How easy is it to deliver new homes in Birmingham?

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Shannon Lynn
May 4, 2023
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In our recent Regional Market Report: The Midlands, we looked at how the East and West Midlands were performing in terms of housing delivery. 

As the UK’s second-largest city, we wanted to give Birmingham more time in the spotlight – examining how the Local Planning Authority (LPA) is performing, and looking at the impact this is having on the creation of new homes. 

For more data-driven insights into The Midlands download our Regional Market Report.


Housing delivery in the region

From 2017 to 2018, the West Midlands delivered 22,193 new homes. This figure increased by 10.8% in the period from 2021 to 2022, when 24,593 additional homes were built in the area. 

And over 5 years, 115,047 new homes were delivered – or 3.87 new homes for every 1,000 people. 


When we look at the historic pace of delivery alongside the projected population, we calculated that 24,580 new homes need to be built each year in the West Midlands in order to match up with the estimated levels of demand. 

On an individual LPA level, the top five performers in terms of the amount of net additional homes added per 1,000 people were: 

  • Walsall: 9.77
  • Stratford-on-Avon: 9.65
  • Rugby: 8
  • Wychavon: 6.99
  • Telford and Wrekin: 6.32

Now, let’s take a closer look at how Birmingham performed. 


Birmingham’s housing market


Housing delivery in Birmingham

Taking that same net new home data but only focusing on Birmingham, we can see that more new homes were built in Birmingham than in any other LPA in the West Midlands in 2017-2018 and 2021-2022 (3,160 and 3,177 respectively). 

This is unsurprising considering the size and population of Birmingham. But if we look at new homes added per 1,000 people, this equates to 3.11 new homes – lower than the West Midlands as a whole. And the ninth lowest out of any LPA in the region. 

So, what could be causing this lower (comparative) rate of delivery?

The data we pulled for our Midlands report throws up some interesting ideas. 


Determination periods for planning applications in Birmingham

We’ve used our own data to analyse the average determination period for different types of development, excluding ‘extensions of time’. This has been done by calculating the number of weeks there are between the validation date on a planning application and the determination date of that application. 

Non-major applications are supposed to be decided within 8 weeks, but this often isn’t the case. 

Despite Birmingham City Council being among the best performers in the Midlands region for planning application determination periods, from 2018-2021, determination periods consistently averaged over 8 weeks for non-major applications. Only in 2022 did we see this figure sit where it needs to be at 7.5 weeks. 

For major applications (expected to be decided within 13 weeks, or 16 weeks if the application is EIA development), the results are better. Apart from 2020 (averaging 15.71 weeks), the average decision times in Birmingham from 2018-2022 was under 13 weeks.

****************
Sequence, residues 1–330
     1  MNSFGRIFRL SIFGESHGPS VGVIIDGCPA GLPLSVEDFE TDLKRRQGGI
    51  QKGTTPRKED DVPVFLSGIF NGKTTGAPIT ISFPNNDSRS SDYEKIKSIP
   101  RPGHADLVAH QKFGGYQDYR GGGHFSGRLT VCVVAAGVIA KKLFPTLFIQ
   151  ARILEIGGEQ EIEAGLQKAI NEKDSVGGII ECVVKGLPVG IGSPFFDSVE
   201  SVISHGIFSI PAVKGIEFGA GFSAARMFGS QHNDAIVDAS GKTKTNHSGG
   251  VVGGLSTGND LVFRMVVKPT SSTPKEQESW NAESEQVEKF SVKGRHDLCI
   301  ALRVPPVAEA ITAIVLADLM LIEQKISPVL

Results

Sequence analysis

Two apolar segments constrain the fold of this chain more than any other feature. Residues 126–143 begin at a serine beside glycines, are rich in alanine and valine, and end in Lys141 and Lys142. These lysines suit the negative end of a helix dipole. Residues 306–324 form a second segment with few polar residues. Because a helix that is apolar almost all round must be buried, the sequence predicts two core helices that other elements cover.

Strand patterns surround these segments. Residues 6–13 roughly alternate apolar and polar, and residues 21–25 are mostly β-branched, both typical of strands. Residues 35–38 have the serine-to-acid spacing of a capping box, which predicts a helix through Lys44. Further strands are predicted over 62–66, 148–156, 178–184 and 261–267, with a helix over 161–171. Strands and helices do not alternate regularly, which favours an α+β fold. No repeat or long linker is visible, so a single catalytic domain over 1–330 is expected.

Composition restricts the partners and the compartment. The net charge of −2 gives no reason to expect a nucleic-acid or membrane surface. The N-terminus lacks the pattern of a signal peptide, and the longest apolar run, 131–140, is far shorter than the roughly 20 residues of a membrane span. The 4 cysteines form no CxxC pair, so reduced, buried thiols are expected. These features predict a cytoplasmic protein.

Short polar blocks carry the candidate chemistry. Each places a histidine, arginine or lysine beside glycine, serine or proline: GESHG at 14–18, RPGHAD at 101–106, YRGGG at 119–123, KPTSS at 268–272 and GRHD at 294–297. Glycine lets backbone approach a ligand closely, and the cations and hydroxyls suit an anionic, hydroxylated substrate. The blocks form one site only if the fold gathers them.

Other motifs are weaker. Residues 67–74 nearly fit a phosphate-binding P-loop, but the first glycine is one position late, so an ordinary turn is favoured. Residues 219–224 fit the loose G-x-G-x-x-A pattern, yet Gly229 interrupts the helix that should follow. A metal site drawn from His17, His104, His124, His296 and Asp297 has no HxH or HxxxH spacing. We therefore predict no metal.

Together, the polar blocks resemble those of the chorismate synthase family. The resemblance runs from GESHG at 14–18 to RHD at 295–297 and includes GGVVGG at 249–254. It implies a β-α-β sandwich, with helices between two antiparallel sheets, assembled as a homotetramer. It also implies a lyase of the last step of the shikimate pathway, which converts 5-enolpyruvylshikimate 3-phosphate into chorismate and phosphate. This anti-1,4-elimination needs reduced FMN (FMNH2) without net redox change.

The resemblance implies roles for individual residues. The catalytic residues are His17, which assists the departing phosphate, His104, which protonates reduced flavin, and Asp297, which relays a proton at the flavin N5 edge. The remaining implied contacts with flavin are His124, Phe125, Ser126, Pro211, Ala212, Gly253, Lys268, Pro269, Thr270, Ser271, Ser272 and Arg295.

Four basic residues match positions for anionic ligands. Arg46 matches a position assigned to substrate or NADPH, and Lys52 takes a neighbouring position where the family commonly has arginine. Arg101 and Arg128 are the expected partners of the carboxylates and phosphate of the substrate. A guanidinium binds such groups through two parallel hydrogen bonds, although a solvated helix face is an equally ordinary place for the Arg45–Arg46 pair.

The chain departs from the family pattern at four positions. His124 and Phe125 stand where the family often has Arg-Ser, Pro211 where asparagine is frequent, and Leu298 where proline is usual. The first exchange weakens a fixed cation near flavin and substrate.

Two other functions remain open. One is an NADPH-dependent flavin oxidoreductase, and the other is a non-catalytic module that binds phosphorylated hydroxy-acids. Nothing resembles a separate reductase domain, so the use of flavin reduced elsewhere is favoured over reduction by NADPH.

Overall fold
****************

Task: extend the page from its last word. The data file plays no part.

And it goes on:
Planning application approval rates in Birmingham

Approval rates are a good indicator of an LPA’s appetite or ability to deliver new housing in the area. 

Birmingham’s residential approval rate was lower than a lot of other LPAs in the West Midlands for non-major applications – reaching its lowest point in 2020 with only 54% of applications being approved. Since then, approval rates have trended upwards, and in 2022 they were at 64%. 

Coventry makes a good point of comparison as it’s close geographically and the second most populous city in the West Midlands. From 2018 to 2022, Coventry’s approval ratio for residential non-major applications has not dipped below 74%. 

The results for major residential applications are slightly higher in Birmingham with the approval ratio never lower than 60%. In 2022, it was 67% compared to Coventry’s 91%. 


Green Belt land in the West Midlands

Compared to the South East, the Green Belt isn’t as much of an issue for developers. But, the West Midlands Green Belt does still take up a significant chunk of land in some LPAs. 

13.9% of Birmingham’s total area is taken up by Green Belt land so it causes development restrictions on a hefty percentage of land. This will be particularly challenging if the proposed changes to the National Planning Policy Framework go through, although currently these changes - like a lot of the Government’s planned reforms to the planning system - are shrouded in a stifling uncertainty. 


Future housing delivery in Birmingham

Birmingham is delivering new homes. In fact, they significantly exceeded the targets outlined in the Housing Delivery Test from 2019 to 2021. 

But like with every growing city, more new homes are always needed. 

Birmingham’s City Plan calculates their housing need at 7,136 dwellings per annum.

There are a number of schemes outlined in the Plan aimed at boosting housing delivery, such as: 

  • The Central Birmingham Renewal Framework – reimagining and redeveloping certain central zones to unlock opportunities
  • Improve public transport links – increase the appeal of certain areas by making them more accessible
  • Engage with local communities – find out where new housing is needed the most

On top of these things, the council needs to work to shorten determination periods and increase approval rates on feasible residential planning applications to deliver the amount of housing needed to meet future demand. 

For more data-driven insights into the housing market, demographics, and the planning system, download our Regional Market Report: The Midlands here or register below to catch up on our on-demand webinar – Market Overview: The Midlands. 

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